Last week I was in western NC for a nature photography workshop, where I shot colorful forests, mountain streams, waterfalls, and elk. The workshop was based near Brevard and led by Chas Glatzer, a superb wildlife photographer and inspiring teacher. He helped me in technical matters, like exposure calculation and white balance, and made me work harder on composition.
He also got our group out to some lovely spots for the fall colors, which were near their peak. Trying to find some new perspectives, I sustained some minor discomfort — sprayed by waterfalls, slipping into streams, and kneeling on hard wet rocks. I was sore when we finished, but pleased with some of the results, including those here.
But to give credit where credit is due: the main creative work was nature’s. Nature is a great artist — endlessly surprising. Opening up to it can transform us. We usually view ourselves as separate from and superior to it, but that’s a costly mistake. We wreak a lot of havoc, and miss a lot of joy.
On the drive out and back I listened to Bill Bryson’s new book, The Body: A Guide for Occupants. It’s an entertaining and thought-provoking compendium of what we know so far about how human bodies work. Bryson clearly loves science. He covers a lot of ground, dividing it by body parts (hair, skin, eyes, ears, nose, throat, and on through the brain and the more obscure organs, like the pancreas) and systems, and straightens out a lot of widely held erroneous notions along the way. He keeps things lively with accounts of great discoveries and oddities as he updates what we learned a little about in high school biology.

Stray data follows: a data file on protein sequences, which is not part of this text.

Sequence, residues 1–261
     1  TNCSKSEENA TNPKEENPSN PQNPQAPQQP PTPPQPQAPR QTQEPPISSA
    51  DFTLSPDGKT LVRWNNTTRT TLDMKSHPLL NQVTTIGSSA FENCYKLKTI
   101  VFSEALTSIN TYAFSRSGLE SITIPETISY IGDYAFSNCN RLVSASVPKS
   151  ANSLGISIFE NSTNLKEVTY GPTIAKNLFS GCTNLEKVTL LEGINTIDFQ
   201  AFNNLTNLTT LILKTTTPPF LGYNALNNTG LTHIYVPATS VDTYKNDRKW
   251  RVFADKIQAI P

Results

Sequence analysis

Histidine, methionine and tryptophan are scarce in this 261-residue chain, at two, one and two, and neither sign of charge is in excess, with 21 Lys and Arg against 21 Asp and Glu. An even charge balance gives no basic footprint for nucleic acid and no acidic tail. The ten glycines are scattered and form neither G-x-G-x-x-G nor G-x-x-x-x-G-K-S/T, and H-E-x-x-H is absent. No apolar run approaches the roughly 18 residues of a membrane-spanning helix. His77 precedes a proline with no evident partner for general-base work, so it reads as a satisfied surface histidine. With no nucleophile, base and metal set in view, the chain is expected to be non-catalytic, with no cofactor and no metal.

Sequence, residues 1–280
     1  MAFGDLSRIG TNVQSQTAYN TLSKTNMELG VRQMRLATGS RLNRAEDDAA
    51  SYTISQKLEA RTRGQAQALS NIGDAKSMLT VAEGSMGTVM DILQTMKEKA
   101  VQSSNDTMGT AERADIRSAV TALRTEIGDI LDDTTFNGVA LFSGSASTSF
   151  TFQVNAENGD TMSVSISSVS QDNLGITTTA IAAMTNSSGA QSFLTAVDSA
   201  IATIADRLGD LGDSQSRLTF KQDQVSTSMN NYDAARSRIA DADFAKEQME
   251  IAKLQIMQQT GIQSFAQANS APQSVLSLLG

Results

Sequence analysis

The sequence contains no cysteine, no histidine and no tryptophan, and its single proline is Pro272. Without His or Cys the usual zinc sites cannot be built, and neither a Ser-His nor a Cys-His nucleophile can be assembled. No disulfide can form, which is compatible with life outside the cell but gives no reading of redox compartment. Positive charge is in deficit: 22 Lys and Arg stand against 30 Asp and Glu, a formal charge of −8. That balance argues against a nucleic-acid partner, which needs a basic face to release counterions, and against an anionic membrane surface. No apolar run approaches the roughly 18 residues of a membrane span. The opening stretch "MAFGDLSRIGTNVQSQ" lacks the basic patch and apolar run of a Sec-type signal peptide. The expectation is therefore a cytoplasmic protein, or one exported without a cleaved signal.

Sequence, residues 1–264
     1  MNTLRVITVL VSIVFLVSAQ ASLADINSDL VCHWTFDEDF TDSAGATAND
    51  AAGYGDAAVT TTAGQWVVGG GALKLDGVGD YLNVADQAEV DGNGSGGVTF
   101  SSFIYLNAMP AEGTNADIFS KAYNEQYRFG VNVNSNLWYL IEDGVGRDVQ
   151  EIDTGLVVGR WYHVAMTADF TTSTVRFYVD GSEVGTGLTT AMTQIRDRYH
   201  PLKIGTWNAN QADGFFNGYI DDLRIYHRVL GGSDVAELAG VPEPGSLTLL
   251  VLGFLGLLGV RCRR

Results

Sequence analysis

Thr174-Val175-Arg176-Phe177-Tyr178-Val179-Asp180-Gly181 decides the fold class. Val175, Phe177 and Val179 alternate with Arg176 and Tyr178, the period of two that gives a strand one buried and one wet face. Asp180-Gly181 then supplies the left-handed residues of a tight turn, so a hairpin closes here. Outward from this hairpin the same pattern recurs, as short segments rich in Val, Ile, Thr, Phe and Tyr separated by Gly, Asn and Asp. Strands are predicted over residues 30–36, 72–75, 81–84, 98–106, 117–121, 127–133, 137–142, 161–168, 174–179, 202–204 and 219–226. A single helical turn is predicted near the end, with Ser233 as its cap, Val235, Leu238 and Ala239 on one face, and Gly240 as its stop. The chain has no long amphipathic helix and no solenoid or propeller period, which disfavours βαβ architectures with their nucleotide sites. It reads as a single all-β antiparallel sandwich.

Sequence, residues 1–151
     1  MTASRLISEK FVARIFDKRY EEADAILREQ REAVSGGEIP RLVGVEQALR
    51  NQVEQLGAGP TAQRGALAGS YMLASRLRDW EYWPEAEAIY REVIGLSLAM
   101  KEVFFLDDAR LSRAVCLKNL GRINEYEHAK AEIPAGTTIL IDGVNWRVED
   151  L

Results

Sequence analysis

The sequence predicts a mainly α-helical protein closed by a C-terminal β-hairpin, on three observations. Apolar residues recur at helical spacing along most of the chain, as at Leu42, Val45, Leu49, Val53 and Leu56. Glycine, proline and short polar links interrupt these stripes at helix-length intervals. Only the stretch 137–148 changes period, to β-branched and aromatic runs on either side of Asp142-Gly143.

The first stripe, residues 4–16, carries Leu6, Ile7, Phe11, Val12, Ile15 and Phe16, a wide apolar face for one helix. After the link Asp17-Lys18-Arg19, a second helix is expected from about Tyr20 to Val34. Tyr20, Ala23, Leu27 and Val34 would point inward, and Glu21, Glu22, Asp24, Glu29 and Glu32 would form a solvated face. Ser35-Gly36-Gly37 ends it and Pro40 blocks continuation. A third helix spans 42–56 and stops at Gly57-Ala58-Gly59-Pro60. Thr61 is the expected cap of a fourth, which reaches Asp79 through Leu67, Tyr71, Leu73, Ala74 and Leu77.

Along the way, he corrects a major misunderstanding: that we pretty much control our own bodies. So much of the body’s essential work is completely beyond our conscious control (e.g. the circulatory system, the digestive system, the immune system, the endocrine system). Indeed, the conscious part of our lives is a relatively minor part of what’s happening with us. If our staying alive depended on our consciously running our bodies, we wouldn’t survive very long.
As Bryson makes clear, there’s a lot science can’t yet explain about human bodies. But it was fun and helpful to get an overview of current knowledge. Bryson helps us see ourselves differently — not as separate from nature, but as fundamentally part of it.
I also finished reading Immortality, The Quest to Live Forever and How it Drives Civilization, by Stephen Cave. Cave, a philosopher, diplomat, and writer, contends that, even as we recognize the high probability we will eventually die, we are constitutionally unable to imagine our own deaths. This paradox makes us susceptible to various bogus theories of how we can attain never-ending life.
This is not entirely a bad thing, in Cave’s view, since it accounts for much of what we regard as civilization and progress. But trying to imagine a life that’s eternal — being more or less the same not only for millions, or billions, or trillions of years, but more than all that — is almost as disturbing as imagining death. It would eventually get so boring!
Cave points out that our mortality is actually the source of value and meaning in life. Plus, as he notes, assuming death is real (as it sure looks like it is), we won’t actually be present to experience it — we’ll be dead. So what are we afraid of? I wasn’t entirely persuaded by his system of four different immortality templates to explain every civilization, but I did find the book stimulating and oddly cheering.